- Created by: lucy
- Created on: 24-05-13 13:35
Kerala, India - Non birth control policy
India has been trying to control it's population for over 50 years due to facing a problem with over population. Kerala is in stage 4 of the demographic transition model. It has achieved low birth rates and low death rates by: Investing in social welfare schemes, particularly heath, education and land reform. Education - all children atend school until they are 16. Adult literacy classes are readily available. The literacy rate is 97% and more women go to university than men. Health care standards - life expectancy is 73 years. Improved access to doctors, vacination programmes and better medical advice have reduced infant mortality. Family planning policies - free contraception is provided. Advice and education on benefits of small families. Higher Incomes - redistribution of land has lead to higher incomes. Less poverty and better standards of nutrition. This has lead to improved standards of health. These changes have lead to... More women being literate - more likely to have paid work and marry later. Understanding about family planning so couples can chose how many and when they hve children. Better health care and nutrition meaning children are less likely to die in infancy. Fewer children being born.
China's one child policy
In 1979 China's one child policy was introduced - couples may only have one child. Couples could be punished with fines on each additional child and sanctions which ranged from forced sterilisation and pressure to abord the pregnancy to discrimination at work. Modifications have taken place which mean that couples from an ethnic minority or are both only children themselves or live in rural areas may have a second child. Critisisms of the policy are It has lead to forced abortions which are very late and forced sterilisations. The same population change could have been achieved by education and voluntary means on encouragement to marry later and space children out. Economic prosperity would have resulted in lower birth rates. There is evidence of female infanticide - men now out number women by 60 million. Many Chinese people were unhappy as they wanted larger families. Because there is only one child in the family, that child is very spoilt - known as the 'little emperor' effect. Successes of the policy are: Population growth rates have fallen. It has helped China's rapid economic growth. Problems such as inadequate housing due to overpopulation have been reduced.
Traffic in Cities - London Congestion Zone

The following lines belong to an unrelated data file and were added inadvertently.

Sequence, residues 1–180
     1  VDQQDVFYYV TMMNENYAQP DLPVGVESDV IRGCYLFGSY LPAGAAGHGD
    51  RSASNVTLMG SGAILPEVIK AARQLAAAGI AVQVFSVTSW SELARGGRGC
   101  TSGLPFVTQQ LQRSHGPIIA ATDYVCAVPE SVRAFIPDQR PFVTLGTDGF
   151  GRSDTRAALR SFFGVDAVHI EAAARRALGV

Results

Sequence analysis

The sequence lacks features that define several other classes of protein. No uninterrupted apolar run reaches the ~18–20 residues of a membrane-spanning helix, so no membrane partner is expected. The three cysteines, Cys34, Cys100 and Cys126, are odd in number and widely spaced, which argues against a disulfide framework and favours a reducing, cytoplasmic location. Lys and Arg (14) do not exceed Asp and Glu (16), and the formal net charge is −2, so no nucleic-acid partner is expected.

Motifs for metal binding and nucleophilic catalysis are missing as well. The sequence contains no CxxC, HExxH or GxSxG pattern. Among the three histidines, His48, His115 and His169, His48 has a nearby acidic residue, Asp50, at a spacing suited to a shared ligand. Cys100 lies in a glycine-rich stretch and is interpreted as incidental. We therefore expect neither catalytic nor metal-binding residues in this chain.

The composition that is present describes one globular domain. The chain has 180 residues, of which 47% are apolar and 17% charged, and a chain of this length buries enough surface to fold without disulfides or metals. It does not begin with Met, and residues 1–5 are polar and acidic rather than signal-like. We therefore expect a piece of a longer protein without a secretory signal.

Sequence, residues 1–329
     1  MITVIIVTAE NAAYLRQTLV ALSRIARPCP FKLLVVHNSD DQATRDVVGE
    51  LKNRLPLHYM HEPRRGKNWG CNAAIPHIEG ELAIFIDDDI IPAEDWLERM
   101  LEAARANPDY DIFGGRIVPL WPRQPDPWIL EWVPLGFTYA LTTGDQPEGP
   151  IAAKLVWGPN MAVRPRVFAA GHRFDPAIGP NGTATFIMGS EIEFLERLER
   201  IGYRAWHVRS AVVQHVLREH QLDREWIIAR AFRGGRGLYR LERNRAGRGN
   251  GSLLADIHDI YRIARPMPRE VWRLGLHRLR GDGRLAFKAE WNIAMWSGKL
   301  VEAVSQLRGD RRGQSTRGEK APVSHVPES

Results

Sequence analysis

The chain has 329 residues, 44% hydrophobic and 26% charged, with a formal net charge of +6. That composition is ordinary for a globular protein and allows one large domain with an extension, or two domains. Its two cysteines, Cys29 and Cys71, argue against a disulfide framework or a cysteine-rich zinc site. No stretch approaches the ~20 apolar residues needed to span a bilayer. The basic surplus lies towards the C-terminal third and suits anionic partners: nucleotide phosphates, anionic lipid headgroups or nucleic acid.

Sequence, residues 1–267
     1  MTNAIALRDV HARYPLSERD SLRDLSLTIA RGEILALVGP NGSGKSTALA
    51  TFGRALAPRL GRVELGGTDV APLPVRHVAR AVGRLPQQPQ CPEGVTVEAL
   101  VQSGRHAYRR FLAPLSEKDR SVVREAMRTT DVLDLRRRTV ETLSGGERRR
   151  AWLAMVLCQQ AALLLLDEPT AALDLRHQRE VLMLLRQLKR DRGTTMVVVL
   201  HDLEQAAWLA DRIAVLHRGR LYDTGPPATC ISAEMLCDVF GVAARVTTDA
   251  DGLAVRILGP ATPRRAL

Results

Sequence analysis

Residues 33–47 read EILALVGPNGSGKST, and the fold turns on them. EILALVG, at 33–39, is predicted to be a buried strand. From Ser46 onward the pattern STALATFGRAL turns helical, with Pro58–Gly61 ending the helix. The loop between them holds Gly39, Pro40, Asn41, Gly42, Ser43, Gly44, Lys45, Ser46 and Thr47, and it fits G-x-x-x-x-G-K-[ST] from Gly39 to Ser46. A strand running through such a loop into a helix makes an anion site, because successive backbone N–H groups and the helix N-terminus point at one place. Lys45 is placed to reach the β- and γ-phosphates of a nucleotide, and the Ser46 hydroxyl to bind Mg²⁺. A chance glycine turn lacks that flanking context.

London introduced congestion charges in 2003 to try and reduce traffic in central London. Motorists are charges £10 per day to drive into the zone between 7am and 6pm. The system in controlled using Automatic Number Plate Recognition and drives are fined between £60-£180 for non-payments of the congestion charge. Studies show that 70,000 fewer cars entered the original congestion zone each day compared to pre charging levels. Even with this reduction the area still remained congested. Congestion charges generate about £140 million per year which is invested in improving other aspects of London's transport.
Rocinha, Rio de Janeiro - Squatter Settlement rede
Rocinha is and example of a squatter settlement that has been gradually improved and redeveloped largely by people who live there. It has an estimated population of 250,000 people. It is build on a steep hillside and the original buildings were flimsy structures made from materials such as wood or corrugated iron. Today, almost all the houses are made from concrete and brick. Some buildings are three/four stories tall and all have sanitation, plumbing and electricity. The infrastructure has been developed so it has roads and water supplies. Health centers and local schools have been built. Hundreds of local businesses have been established, including shops, bus services and even a locally based channel, TV ROC. Many of the inhabitants work in central Rio and others have jobs in the informal sector, including selling food and souvenirs on the beach.
Bed-ZED, Wallington, South London - Sustainable Ur
In 2002 the Beddington Zero Energy Development (Bed-ZED) was opened. It was an experiement on zero carbon living. There are 100 households living in apartments that have been designed to save as much energy as possible. Wind turbines and biomass boilers generate power. Buildings are weel insulated. Rainwater is collected and reused. Residents use public transport or bikes and also have shared cars. Residents try to buy locally produced food and recycle their waste. BedZED is in the London Borough of Sutton and made a commitment to become a 'One Planet living Borough' by 2025.
Thailand - Mass Tourism
Why travel to Thailand? More affordable that other European destinations. New exotic destination with new culture. Western style resorts, sandy beaches, tropical warm weather and historical buildings. POSITIVE EFFECTS Tourism has played a significant part in the economic development of Thailand. Tourism is Thailand's top earner of foreign currency. Tourism is a major employer because it is labor intensive. NEGATIVE EFFECTS Foreign companies take alot of the profits out of the country. Sea water is threatened by waste. Physical features have been destroyed along sea fronts by bulding of hotels.
Antarctica - Extreme Environment
Main attractions: An experience of wilderness To view wildlife/landscape Activies such as climbing/diving Tourism is self regulated: Dumping waste is prohibited guidelines to minimise the risk of bringing alien organisms and damaging the environment. Visitors are not allowed on sites of specific scientific value.